Mideast Leaders Say Settlement Is Closer

ByABC News
January 27, 2001, 1:56 PM

T A B A, Egypt, Jan. 27 -- The Israeli-Palestinian peace talks in thisRed Sea resort concluded today without any agreement, leavingfurther peace efforts to a possible meeting between Israeli PrimeMinister Ehud Barak and Palestinian leader Yasser Arafat.

Though an accord was far from reach, a joint statement issued bythe sides said the six-day Taba talks were "unprecedented in theirpositive atmosphere" and left them closer than ever to anagreement.

"Given the circumstances and time constraints, it provedimpossible to reach understandings on all issues despite thesubstantial progress that was achieved in each of the issuesdiscussed," the statement said.

Barak and Arafat May Meet

Officials on both sides said Barak and Arafat may meet in Europenext week in a last-minute effort to forge a deal before Israel'sfateful Feb. 6 elections. Israeli Foreign Minister Shlomo Ben-Amisaid international efforts were under way to arrange theBarak-Arafat meeting, and Israel radio said the two may meet in theSwedish capital of Stockholm.

Even if the meeting were arranged, it was highlydoubtful the two leaders would be able to overcome wide gaps on thetouchiest issues.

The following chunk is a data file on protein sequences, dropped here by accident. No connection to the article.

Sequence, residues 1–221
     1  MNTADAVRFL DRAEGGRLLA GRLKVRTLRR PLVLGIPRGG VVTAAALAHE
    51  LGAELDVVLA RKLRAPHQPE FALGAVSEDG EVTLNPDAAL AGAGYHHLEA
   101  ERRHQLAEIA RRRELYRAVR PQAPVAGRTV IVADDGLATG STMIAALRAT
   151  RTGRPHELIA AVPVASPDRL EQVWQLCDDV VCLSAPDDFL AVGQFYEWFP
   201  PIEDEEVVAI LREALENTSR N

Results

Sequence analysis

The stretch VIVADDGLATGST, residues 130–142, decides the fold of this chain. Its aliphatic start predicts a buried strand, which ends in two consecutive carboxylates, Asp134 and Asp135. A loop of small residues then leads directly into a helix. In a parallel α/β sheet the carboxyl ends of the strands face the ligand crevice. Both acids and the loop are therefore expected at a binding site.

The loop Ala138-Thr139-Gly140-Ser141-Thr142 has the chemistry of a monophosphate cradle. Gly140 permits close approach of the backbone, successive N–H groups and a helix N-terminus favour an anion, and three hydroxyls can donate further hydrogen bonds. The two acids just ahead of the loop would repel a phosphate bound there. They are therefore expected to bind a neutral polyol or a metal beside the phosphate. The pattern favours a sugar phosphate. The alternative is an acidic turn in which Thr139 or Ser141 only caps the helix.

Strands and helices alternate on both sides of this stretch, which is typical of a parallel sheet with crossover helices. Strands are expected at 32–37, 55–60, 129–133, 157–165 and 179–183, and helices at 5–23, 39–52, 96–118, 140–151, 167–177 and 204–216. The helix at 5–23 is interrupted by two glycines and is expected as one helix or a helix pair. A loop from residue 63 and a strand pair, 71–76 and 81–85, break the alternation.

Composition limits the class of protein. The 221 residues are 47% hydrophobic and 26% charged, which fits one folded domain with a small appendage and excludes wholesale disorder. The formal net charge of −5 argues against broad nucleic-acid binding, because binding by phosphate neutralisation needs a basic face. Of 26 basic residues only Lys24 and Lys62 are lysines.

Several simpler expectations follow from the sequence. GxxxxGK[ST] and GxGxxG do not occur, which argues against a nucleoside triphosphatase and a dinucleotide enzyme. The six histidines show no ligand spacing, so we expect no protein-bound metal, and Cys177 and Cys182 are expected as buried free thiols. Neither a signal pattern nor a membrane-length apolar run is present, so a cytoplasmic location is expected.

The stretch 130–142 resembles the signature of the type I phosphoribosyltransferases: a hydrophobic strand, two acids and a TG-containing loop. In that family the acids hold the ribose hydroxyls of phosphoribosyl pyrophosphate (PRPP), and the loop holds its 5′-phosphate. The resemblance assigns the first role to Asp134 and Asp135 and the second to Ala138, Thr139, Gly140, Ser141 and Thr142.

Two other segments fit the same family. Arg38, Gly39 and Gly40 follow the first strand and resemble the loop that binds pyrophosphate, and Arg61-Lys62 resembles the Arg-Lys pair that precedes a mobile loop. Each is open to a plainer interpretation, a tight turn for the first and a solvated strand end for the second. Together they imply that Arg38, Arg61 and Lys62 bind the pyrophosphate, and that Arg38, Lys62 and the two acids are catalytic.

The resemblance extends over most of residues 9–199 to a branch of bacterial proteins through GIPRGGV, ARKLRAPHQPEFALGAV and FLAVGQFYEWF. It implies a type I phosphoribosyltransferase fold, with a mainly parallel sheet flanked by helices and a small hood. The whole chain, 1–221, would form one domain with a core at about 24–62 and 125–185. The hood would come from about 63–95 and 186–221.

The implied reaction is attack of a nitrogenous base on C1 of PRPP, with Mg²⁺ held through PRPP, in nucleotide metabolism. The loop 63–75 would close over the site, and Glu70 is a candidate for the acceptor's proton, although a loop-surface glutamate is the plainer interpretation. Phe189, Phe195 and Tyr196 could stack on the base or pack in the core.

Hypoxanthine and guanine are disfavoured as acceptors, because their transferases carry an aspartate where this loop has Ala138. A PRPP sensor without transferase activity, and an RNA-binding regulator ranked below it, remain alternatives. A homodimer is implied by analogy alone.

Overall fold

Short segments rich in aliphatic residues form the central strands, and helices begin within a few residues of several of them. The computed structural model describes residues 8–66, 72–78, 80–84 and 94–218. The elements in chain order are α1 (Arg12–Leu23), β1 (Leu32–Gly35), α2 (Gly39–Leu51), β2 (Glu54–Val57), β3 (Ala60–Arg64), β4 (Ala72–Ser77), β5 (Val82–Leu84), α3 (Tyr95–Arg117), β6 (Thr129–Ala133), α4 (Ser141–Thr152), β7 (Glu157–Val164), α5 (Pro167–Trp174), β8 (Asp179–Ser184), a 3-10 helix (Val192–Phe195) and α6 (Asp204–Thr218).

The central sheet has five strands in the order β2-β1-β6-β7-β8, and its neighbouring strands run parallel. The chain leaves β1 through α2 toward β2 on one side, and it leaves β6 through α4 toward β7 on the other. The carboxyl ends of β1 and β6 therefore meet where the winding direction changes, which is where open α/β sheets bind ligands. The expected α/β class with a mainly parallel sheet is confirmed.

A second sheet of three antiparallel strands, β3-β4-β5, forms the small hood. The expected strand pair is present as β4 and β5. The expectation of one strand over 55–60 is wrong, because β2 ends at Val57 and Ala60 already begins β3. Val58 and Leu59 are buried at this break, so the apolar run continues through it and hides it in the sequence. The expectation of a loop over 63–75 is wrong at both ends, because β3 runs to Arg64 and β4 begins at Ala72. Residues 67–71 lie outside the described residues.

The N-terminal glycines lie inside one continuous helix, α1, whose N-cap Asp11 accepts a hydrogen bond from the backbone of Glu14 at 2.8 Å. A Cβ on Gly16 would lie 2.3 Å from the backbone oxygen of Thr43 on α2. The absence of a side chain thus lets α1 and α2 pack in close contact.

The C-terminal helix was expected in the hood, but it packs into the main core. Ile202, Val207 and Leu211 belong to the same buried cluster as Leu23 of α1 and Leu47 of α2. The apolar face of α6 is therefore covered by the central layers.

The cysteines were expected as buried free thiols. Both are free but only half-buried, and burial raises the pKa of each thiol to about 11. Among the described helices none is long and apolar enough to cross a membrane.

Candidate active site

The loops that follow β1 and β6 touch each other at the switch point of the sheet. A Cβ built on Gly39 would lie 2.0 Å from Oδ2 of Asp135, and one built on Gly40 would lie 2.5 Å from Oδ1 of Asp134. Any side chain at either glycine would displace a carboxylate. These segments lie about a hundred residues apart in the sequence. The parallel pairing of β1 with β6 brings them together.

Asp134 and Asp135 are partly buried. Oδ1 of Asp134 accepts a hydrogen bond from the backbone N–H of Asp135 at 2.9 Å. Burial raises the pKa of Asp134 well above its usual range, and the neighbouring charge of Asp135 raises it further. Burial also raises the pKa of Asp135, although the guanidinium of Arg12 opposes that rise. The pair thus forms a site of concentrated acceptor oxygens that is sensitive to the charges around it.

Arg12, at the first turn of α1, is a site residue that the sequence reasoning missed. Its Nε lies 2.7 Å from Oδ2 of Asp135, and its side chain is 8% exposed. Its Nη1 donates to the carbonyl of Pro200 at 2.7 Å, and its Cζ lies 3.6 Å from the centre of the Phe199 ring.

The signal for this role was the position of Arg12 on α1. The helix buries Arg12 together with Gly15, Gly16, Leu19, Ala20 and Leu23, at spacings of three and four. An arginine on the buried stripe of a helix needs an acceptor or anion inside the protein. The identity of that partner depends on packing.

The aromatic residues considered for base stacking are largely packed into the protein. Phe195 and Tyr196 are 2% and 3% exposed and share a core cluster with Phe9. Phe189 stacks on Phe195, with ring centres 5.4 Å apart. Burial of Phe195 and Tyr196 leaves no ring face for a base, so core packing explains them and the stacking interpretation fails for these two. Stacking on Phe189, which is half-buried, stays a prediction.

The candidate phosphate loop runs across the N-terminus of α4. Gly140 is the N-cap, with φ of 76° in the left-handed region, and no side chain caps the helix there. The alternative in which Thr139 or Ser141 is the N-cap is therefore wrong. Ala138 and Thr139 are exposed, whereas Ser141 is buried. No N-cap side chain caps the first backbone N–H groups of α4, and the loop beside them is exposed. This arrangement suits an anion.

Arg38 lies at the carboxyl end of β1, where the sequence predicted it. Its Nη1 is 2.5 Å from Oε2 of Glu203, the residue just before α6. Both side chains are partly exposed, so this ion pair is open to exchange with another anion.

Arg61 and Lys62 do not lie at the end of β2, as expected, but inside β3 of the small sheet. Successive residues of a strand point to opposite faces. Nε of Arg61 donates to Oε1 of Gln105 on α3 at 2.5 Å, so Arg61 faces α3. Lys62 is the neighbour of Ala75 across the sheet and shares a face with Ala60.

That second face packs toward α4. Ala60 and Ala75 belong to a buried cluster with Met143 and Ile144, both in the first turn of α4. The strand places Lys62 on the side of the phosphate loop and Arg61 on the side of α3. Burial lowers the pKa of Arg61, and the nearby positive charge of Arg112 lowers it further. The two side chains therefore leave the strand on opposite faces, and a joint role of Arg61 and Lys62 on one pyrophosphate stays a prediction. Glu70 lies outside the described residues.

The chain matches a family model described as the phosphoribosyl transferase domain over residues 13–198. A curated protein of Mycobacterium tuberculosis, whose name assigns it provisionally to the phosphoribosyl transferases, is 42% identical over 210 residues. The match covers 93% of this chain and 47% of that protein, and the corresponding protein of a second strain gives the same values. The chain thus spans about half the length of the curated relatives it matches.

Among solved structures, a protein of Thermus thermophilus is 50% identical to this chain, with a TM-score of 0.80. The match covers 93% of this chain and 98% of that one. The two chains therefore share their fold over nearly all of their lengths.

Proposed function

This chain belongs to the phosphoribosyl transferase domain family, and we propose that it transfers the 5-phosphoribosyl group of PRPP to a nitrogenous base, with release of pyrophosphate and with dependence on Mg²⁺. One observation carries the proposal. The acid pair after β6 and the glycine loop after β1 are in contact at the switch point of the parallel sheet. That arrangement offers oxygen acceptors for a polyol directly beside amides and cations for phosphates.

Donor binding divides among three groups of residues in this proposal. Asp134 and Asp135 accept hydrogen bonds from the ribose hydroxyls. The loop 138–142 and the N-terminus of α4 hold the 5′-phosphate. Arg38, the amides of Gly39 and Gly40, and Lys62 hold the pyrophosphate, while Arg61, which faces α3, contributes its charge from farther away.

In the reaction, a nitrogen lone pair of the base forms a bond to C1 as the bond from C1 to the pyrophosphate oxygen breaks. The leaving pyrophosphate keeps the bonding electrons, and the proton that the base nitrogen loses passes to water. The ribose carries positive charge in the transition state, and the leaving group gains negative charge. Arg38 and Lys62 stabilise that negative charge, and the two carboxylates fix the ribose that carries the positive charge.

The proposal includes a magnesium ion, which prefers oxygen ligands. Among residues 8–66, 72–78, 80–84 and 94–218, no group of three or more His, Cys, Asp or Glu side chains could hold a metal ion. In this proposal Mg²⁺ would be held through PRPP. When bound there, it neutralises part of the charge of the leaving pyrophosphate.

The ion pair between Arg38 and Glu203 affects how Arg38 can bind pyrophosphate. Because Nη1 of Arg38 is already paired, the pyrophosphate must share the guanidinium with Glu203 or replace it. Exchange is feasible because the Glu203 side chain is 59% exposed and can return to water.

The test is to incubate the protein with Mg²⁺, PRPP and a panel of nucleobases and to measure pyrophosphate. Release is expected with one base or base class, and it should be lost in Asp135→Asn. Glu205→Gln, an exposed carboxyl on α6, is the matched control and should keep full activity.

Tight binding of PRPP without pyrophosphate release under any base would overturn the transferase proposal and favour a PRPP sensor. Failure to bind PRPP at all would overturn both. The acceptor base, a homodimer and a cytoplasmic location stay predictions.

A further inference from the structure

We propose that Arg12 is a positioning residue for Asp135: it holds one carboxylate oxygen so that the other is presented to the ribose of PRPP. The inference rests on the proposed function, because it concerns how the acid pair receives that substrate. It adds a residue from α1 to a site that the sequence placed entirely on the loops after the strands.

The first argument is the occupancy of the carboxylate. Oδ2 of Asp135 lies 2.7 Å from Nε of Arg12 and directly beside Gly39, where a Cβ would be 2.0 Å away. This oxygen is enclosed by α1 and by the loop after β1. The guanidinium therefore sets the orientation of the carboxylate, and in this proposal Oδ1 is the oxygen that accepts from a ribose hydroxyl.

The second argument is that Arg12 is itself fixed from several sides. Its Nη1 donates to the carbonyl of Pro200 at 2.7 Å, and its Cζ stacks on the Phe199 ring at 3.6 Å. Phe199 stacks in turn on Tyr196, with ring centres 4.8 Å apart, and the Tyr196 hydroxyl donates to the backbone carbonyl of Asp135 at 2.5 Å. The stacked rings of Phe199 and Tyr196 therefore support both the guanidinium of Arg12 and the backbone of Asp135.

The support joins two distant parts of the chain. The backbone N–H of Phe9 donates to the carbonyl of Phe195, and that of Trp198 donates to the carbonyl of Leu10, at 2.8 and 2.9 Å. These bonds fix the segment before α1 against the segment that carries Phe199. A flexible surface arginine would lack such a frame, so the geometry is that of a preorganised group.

Success in peace negotiations is crucial for Barak, who isrunning an uphill race against hawkish challenger Ariel Sharon.Sharon, who led Israeli forces during the 1982 Lebanon invasion,opposes many of Barak's painful peace compromises.

A Sharon victory, Arafat told the Italian daily La Republica inan interview published today, would cause "an escalation of theconflict. With him in power we cannot have peace."

Despite the perceived urgency, the Taba talks left both sidesdisappointed and without tangible results to take home. Palestiniannegotiators said the teams were close on the issues of security andborders of a future Palestinian state, but far apart on the thornyquestions of Jerusalem's future and the fate of the millions ofPalestinian refugees who want to return to former homes in what isnow Israel.